11. The method as claimed in claim 1, further comprising the step of: printing recipient address data on the first sheet.
12. The method as claimed in claim 1, further comprising the step of: printing additional information on the first sheet.
13. The method as claimed in claim 1, wherein: the crease of the first sheet is approximately between 0.125 to 1.5 inches from the short edge of the first sheet.
14. The method as claimed in claim 1, wherein the content material is fabricated from standard sized paper.
15. The method as claimed in claim 1, wherein the first sheet is a standard size sheet of paper.
16. The method as claimed in claim 1, wherein the first sheet and the content material are the same size.
17. The method as claimed in claim 1 further comprising the step of:
processing the content material prior to positioning the content material on the first sheet.
18. The method as claimed in claim 1, wherein the sealing a portion of the first sheet along the two opposing long edges of the first sheet further comprises knurling at least a portion of the two opposing long edges of the first sheet.
19. The method as claimed in claim 1, wherein the sealing a portion of the first sheet along the short edge of the first sheet further comprises knurling at least a portion of the short edge of the first sheet.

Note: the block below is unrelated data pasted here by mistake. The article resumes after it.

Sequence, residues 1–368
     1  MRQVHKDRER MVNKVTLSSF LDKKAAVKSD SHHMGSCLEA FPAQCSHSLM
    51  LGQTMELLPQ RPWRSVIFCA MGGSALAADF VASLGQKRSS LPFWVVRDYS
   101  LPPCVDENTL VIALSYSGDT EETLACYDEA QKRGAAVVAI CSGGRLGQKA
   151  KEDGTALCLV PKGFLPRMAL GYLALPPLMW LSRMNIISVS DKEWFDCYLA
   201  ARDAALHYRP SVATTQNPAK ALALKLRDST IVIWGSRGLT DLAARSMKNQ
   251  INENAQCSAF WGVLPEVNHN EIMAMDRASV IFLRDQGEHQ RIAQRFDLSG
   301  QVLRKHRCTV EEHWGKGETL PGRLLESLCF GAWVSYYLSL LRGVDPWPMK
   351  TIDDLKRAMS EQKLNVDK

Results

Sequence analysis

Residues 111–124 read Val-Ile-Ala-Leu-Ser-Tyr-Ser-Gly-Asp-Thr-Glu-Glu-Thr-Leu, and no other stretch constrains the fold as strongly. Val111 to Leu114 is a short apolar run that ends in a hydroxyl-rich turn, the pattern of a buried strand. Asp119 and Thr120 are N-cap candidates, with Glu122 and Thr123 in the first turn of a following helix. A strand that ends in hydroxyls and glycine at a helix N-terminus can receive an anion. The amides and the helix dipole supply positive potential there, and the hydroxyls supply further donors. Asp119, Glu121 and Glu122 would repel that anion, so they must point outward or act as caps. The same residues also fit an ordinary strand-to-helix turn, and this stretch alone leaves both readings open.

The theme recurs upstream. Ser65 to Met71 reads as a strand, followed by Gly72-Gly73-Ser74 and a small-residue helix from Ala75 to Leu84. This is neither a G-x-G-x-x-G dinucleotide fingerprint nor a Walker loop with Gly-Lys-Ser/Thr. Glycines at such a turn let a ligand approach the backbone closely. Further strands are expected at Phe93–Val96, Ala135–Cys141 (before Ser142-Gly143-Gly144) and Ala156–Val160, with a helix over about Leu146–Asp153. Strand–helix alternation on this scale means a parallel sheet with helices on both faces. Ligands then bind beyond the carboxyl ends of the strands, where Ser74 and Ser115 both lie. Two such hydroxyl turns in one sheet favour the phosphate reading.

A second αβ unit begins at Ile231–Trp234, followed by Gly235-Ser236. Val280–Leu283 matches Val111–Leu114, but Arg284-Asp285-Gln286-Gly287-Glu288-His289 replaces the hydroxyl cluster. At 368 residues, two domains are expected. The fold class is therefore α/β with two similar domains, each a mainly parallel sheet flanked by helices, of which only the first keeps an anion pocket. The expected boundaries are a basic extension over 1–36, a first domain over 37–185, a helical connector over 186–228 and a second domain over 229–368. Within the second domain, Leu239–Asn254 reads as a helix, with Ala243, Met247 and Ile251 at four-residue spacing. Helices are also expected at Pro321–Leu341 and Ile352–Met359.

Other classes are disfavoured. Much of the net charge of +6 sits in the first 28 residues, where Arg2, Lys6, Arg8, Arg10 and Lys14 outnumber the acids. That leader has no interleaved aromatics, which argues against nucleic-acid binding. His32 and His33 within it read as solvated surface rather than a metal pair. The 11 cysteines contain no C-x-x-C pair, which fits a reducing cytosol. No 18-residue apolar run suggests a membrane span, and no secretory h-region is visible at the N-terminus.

20. The method as claimed in claim 1, wherein the sealing a portion of the first sheet along the two opposing long edges of the first sheet further comprises crimping at least a portion of the two opposing long edges of the first sheet.
21. The method as claimed in claim 1, wherein the sealing a portion of the first sheet along the short edge of the first sheet further comprises crimping at least a portion of the short edge of the first sheet.
22. The method as claimed in claim 1, wherein the sealing a portion of the first sheet along the two opposing long edges of the first sheet is achieved by using an adhesive.
23. The method as claimed in claim 1, wherein the sealing a portion of the first sheet along the short edge of the first sheet is achieved by using an adhesive.
24. The method as claimed in claim 1, wherein the sealing a portion of the first sheet along the two opposing long edges of the first sheet is achieved by embossing.
25. The method as claimed in claim 1, wherein the sealing a portion of the first sheet along the short edge of the first sheet is achieved by embossing.
26. The method as claimed in claim 1, wherein the sealing a portion of the first sheet along the two opposing long edges of the first sheet is achieved by stapling.
27. The method as claimed in claim 1, wherein the sealing a portion of the first sheet along the short edge of the first sheet is achieved by stapling.
28. The method as claimed in claim 1, wherein the sealing a portion of the first sheet along the two opposing long edges of the first sheet is achieved by tabbing.
29. The method as claimed in claim 1, wherein the sealing a portion of the first sheet along the short edge of the first sheet is achieved by tabbing.
30. The method as claimed in claim 1, wherein the sealing a portion of the first sheet along the two opposing long edges of the first sheet is achieved by double sided tape.
31. The method as claimed in claim 1, wherein the sealing a portion of the first sheet along the short edge of the first sheet is achieved by double sided tape.
32. The method as claimed in claim 1, wherein the sealing a portion of the first sheet along the two opposing long edges of the first sheet is achieved by applying pressure to a pressure sensitive adhesive.